Organizational change: the way our brain sees it

A vlogger named Destin conducted an experiment, where he rode a bike with a simple change of controls. When the handle bars were moved in one direction, the wheels moved in the opposite direction. A simple adjustment, but our brain knows only one way to ride a bike. So how long did Destin take to learn to ride this new bike? Eight months of daily practice.

Our point? It took an individual’s brain eight months to adapt to this minor change. Imagine what it might take to change the habits of everyone in an organization, given individual responses and coping mechanisms. 83% CEOs consider this their biggest challenge!

The human brain resists change, even for the good, because it views change as danger –  something that disrupts the familiarity and safety it already knows. Thus, it triggers the fight or flight response out of fear, which hinders our openness to new experiences, and hampers decision making skills.

Can we then help our brain feel safe and manage change better? The answer is a clear ‘yes’. Here are some practices that aid in creating new habit pathways faster:

  • Change initiatives fail when there is no clarity around why they were introduced, their goals, or the roles of managers in facilitating/ introducing them. This causes the exact threat our brain resists and increases anxiety. Address it by designing specific and measurable goals. Companies that review goals often, and have employees create their goals, are about three times more likely to be successful in managing change!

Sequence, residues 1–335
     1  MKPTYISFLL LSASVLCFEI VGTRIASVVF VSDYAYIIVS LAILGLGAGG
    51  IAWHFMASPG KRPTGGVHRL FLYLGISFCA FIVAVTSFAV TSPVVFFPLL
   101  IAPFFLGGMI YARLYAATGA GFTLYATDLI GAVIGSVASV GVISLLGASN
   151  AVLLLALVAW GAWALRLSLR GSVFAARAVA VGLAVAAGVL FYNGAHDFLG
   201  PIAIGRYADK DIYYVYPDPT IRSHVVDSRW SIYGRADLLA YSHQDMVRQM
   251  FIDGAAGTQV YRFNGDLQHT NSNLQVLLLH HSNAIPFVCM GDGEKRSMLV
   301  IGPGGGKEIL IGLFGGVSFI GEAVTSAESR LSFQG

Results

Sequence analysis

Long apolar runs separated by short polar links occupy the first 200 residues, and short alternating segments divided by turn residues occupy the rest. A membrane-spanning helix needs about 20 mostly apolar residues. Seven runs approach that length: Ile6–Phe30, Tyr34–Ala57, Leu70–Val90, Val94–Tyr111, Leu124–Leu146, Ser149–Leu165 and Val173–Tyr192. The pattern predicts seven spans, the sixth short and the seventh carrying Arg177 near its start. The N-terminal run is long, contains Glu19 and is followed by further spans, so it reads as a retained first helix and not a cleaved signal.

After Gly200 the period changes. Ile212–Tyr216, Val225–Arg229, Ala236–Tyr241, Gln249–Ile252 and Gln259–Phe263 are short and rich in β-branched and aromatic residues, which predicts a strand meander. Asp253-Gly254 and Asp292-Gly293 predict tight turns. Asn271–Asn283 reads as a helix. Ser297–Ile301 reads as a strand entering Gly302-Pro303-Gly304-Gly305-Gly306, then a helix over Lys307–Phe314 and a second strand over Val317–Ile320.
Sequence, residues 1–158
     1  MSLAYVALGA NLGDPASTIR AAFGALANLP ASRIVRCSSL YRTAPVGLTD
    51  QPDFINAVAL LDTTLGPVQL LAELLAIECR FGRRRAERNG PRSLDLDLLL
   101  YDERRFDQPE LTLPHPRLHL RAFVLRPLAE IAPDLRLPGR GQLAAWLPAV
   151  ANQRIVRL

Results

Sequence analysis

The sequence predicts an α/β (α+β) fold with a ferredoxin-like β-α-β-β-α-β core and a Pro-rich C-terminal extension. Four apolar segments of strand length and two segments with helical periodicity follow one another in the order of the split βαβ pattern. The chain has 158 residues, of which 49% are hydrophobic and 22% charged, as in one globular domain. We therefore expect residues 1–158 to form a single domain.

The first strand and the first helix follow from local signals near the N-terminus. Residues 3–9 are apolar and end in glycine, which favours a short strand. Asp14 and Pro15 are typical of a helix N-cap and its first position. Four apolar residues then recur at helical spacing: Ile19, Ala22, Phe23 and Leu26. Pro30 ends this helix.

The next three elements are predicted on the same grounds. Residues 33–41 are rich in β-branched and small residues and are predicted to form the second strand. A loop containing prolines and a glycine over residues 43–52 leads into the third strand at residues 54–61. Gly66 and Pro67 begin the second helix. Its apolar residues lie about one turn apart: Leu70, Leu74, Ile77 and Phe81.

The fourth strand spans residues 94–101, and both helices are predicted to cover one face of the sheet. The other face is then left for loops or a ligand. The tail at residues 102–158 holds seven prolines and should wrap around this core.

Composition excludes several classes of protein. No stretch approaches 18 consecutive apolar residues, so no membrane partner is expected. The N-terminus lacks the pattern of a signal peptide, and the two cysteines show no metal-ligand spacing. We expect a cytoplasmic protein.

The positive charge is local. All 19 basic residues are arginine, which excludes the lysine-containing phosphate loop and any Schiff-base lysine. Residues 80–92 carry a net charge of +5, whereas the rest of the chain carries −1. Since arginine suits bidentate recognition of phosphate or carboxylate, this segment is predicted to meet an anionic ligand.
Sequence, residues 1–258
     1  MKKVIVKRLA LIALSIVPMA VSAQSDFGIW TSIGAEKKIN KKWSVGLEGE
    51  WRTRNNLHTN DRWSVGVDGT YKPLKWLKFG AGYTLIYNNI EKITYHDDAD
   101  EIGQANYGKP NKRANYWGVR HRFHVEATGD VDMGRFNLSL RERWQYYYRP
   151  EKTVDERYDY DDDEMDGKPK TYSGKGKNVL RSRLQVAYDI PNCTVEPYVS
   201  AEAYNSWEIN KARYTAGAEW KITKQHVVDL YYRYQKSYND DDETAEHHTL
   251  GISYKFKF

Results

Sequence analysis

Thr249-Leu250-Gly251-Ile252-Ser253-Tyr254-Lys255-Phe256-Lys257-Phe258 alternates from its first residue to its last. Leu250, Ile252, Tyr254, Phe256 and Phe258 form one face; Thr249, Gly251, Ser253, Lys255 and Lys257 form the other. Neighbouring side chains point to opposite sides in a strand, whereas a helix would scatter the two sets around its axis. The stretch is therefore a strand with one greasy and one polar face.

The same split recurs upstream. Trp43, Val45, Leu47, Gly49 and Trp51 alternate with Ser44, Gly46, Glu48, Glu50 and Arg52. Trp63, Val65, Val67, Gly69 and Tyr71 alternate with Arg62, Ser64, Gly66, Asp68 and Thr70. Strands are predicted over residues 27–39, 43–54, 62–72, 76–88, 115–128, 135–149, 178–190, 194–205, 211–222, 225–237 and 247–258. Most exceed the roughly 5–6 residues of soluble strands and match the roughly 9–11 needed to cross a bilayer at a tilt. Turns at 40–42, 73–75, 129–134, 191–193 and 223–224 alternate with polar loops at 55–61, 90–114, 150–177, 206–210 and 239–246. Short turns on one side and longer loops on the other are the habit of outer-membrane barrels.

• The process of learning during change needs to be continuous. The brain often needs time to process new information, as much of it is forgotten soon after it is received. When information is reviewed a couple of days after, retention is much higher. And, this, when followed by evaluation of the change, or assessment of its impact, helps with better adaptability.
  • Like in the bike example above, change requires consistent attention. Some theories state that it takes a month to form a new habit, but there is no research evidence to support it. The suggestion here: break organizational change into smaller units, and introduce them step by step. This helps our brains form new habits quickly.

For example: if you want employees to generate status reports six times a month, don’t expect them to do so immediately. Start with a lower frequency and then scale up – like twice a month for two months, four for the next two, and six after that.

  • Communication. During change, employees want to feel that they have a voice, and that it is being heard. Allow them to complain, share opinions, and be a part of the change as much as possible, for it to be successful. Show empathy during a stressful time and connect to people on an emotional level.

Change is never easy. But successful, lasting change needs to cater to the personality of our brain. And most of the times, our brain does not work as quickly as we want it to!

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